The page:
– Mr Tumnus, The Lion, the Witch and the Wardrobe by C.S Lewis
Now tell me that’s not brimming with quietly haunting potential.
Strange, talking creatures roam a landscape of eternal winter under the rule of a terrifying witch whose presence can be felt among the trees even when she’s nowhere near. Narnia is a world so unlike our own it should be frightening; but through the eyes of a small child it is beautiful and special, even if hauntingly so. If you had to represent the atmosphere of Narnia with a single line I feel it would be John Hurt’s Mr Ollivander in the first Harry Potter film, rattling Harry to the core with his utterance of “Terrible! Yes. But great.”
Enter Guillermo del Toro, master of the terrible and great. Del Toro is the director of the 2006 Spanish-Mexican film Pan’s Labyrinth, a dark fantasy set in 1944 Spain about a young girl named Ofelia who finds a way into a mythical world of strange creatures. The film has some uncanny similarities to The Lion, the Witch and the Wardrobe, from the real-world time period to both young female protagonists encountering a faun.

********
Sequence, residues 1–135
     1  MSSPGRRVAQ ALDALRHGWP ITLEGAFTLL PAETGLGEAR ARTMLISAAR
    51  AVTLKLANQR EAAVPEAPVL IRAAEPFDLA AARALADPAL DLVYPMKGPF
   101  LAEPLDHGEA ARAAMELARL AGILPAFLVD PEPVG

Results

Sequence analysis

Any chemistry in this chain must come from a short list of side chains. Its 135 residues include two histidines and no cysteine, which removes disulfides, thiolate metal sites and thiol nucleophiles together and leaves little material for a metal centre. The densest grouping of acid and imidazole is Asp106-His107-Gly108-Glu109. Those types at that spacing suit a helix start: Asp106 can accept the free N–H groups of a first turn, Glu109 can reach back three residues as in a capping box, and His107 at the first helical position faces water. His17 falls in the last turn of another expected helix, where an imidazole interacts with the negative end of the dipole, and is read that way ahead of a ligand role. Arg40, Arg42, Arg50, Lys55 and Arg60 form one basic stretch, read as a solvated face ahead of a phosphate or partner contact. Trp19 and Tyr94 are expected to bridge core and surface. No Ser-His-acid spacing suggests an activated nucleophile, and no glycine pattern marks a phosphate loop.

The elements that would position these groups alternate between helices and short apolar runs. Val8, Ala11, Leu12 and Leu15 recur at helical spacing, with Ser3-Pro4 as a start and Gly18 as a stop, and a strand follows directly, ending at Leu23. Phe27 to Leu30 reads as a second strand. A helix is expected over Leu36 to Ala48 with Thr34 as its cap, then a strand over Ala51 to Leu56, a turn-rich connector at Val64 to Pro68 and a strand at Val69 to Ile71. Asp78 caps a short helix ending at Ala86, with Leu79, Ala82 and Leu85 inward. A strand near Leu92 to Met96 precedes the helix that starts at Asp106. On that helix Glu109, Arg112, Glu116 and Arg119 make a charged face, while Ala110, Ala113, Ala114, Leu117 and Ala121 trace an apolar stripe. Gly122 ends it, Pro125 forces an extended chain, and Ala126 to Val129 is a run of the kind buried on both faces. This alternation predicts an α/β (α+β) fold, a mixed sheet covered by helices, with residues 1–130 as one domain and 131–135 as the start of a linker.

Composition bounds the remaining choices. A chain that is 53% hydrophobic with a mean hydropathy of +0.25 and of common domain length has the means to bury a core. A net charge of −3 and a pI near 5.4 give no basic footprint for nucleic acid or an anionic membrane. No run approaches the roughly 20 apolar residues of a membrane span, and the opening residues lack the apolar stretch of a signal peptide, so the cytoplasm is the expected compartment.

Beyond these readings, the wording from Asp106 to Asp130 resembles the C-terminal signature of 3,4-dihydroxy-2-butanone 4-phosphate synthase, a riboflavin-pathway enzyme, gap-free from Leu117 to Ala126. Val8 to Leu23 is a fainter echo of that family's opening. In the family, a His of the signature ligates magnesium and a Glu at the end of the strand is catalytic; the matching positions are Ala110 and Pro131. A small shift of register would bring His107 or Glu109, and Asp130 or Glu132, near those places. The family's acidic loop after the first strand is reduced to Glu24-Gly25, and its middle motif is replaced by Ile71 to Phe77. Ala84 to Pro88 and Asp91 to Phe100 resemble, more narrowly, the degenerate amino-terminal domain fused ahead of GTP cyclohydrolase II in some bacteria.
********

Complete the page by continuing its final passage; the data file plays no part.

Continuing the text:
Not only that, but both magical worlds require their young heroes to fulfil a prophecy that has been waiting for them for a very long time. Peter, Susan, Edmund and Lucy are the Sons of Adam and Daughters of Eve who are destined to sit on the thrones in Narnia, whilst Ofelia is a reincarnation of the long-lost Princess of the labyrinth.
Now hold up. You might be thinking, Erin, Pan’s Labyrinth is an R-rated movie made for a mature audience, and C.S Lewis’ book was written for children. Why are you suggesting that Narnia be adapted into such a dark and mature movie?